There has been much chatter about the need for tighter immigration security. Tashfeen Malik is the Pakistani woman who entered the U.S. on a K1 fiancee visa and was involved in San Bernardino massacre on December 2. Some advocates push to terminate the K1 visa program.
K1 fiancee visa applicants are treated as immigrants for purposes of immigration processing. All immigrants, including those applying for a K1 visa, have a thorough security check. By comparison, non-immigrants such as visitors to the U.S., have much less screening. For immigrants, the Department of Homeland Security and overseas consulates engage in a multi-agency security screening that involves the FBI, Interpol, and foreign governments. Police records from the locations where foreigners have traveled are checked.
A misnomer is that the DHS only checks what is put on immigration forms. This is not true. An independent background check is undertaken. While it is true that certain forms ask whether the foreigner has ever been arrested or convicted of a crime, the answers to those questions are not reliable. They are not relied upon when conducting security checks.
The purpose of many questions on forms is to detect whether a foreigner is telling the truth, but the DHS and consulates do not rely on such information. If the foreigner indicates he or she has no criminal arrests and the agencies discover an arrest, the foreigner is permanently barred from the U.S. for lying to an immigration officer.
Apart from security checks, the U.S. government engages in data mining under the Patriot Act, as it’s been updated since the 9-11 attacks. If the foreigner is engaged in chatter with known terrorist suspects, the results of that data collection can become useful to the U.S. government when considering immigration requests.
I’ve worked with the U.S. consulate in Islamabad for many years. I find the consulate staff to be very difficult and reticent about issuing K1 visas or any other immigrant visas. Sometimes, they can be unreasonable in denying visas without good cause. I do not know whether Ms. Malik processed her case through Islamabad or Riyad. However, it is normal for a U.S. consulate in a third party country, such as the one in Riyad, Saudi Arabia, to liaison with the foreign national’s home country (Pakistan) to determine whether there is a security or other concern. It would generally be as difficult or more difficult for Ms. Malik to hide something by processing through Riyad since she was not a Saudi citizen. The U.S. consulate in Riyad would naturally be circumspect about taking her case when normally Pakistanis would process through the U.S. consulate in Islamabad.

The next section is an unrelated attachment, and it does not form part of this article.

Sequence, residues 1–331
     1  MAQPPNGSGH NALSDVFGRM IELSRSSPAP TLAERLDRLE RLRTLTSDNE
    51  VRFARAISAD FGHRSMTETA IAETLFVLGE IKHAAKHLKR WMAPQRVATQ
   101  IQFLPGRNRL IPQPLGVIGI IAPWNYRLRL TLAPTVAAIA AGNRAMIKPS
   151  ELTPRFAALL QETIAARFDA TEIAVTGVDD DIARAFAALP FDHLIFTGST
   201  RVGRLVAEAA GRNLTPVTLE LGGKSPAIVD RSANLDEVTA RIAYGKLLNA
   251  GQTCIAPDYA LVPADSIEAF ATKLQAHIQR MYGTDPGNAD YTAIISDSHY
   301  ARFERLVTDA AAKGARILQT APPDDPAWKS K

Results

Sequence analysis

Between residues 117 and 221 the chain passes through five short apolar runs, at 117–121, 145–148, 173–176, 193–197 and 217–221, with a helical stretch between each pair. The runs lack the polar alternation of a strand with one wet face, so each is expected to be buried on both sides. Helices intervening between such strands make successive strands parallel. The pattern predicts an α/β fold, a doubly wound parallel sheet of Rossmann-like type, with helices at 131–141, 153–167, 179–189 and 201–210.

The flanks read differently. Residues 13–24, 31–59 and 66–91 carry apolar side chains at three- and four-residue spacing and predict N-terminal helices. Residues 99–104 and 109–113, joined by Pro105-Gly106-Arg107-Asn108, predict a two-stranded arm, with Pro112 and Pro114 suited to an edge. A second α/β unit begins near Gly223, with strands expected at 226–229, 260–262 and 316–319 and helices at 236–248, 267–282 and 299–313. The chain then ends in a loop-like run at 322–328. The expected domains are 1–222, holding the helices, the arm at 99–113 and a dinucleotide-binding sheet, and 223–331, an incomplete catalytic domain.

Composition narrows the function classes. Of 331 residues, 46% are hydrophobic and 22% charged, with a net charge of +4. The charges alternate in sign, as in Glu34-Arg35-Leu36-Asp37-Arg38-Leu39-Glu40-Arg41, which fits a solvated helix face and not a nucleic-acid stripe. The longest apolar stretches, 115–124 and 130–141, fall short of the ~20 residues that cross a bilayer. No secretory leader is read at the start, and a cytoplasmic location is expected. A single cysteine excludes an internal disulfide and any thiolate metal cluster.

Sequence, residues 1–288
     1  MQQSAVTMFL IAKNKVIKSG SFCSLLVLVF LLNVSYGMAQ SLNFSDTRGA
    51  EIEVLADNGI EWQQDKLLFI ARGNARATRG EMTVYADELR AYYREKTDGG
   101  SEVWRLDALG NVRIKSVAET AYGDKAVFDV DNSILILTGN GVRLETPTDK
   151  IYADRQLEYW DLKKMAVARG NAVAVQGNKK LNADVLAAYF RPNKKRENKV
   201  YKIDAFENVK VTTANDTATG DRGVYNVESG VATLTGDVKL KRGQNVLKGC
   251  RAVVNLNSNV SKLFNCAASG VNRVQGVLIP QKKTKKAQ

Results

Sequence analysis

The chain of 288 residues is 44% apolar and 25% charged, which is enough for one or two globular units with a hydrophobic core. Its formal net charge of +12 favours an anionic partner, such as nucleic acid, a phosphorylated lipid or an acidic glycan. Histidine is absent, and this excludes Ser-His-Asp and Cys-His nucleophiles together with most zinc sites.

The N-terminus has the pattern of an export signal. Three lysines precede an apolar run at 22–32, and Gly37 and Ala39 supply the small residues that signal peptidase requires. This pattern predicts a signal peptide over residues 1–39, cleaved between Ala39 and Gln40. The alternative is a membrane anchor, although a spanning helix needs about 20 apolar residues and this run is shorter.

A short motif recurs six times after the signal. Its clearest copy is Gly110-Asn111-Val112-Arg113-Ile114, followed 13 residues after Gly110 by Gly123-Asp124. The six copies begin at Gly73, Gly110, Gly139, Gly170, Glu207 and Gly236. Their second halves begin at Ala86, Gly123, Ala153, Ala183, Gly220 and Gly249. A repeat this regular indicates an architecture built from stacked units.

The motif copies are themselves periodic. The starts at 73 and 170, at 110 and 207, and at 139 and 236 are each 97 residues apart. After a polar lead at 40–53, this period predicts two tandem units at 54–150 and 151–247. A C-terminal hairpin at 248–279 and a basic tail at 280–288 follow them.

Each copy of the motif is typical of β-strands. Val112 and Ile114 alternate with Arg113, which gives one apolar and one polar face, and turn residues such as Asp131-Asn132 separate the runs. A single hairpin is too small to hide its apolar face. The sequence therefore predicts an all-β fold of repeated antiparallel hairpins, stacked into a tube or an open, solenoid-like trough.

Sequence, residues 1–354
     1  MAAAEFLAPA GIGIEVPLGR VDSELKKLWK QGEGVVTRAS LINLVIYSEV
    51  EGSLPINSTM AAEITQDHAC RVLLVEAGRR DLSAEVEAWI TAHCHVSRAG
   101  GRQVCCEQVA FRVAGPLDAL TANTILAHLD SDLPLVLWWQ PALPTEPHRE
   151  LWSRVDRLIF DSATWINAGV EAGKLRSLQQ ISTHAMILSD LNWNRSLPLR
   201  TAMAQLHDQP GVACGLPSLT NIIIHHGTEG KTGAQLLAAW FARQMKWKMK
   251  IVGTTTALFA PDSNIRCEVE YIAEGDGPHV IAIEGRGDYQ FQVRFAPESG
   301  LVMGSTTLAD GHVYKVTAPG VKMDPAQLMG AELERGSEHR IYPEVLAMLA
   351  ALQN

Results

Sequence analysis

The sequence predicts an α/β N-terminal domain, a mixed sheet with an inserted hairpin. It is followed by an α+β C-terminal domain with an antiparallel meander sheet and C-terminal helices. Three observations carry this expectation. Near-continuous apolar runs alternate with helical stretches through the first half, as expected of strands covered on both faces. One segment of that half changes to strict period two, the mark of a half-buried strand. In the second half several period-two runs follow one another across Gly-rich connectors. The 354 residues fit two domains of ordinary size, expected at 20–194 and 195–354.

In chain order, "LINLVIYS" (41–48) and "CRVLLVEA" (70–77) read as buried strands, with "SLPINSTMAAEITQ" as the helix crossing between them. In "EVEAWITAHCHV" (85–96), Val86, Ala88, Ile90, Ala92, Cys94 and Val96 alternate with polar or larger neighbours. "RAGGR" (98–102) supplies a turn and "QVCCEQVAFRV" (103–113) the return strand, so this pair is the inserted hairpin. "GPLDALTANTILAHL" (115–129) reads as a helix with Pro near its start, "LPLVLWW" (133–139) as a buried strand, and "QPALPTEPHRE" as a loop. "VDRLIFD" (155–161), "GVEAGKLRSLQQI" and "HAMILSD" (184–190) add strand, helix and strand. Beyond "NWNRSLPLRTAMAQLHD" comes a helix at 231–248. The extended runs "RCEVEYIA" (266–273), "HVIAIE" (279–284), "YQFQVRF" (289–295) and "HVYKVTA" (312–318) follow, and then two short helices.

My suspicion is that the security checks in this case were proper, but that Ms. Malik had no criminal convictions or other red flags that would draw attention to her. Not everyone who is radicalized has notable characteristics. It just sometimes happens that people will lay low and then commit a criminal act. This is a common problem with school shootings in the U.S. There are not enough warning signs to draw attention to a problem. This is not a failure of government, but a part of human nature and criminal activity. Things happen on a rare occasion, but we should no more shut down global migration than we should shut down schools. Both activities – attending school and traveling cross-border – are part of membership in society and both activities carry some risks.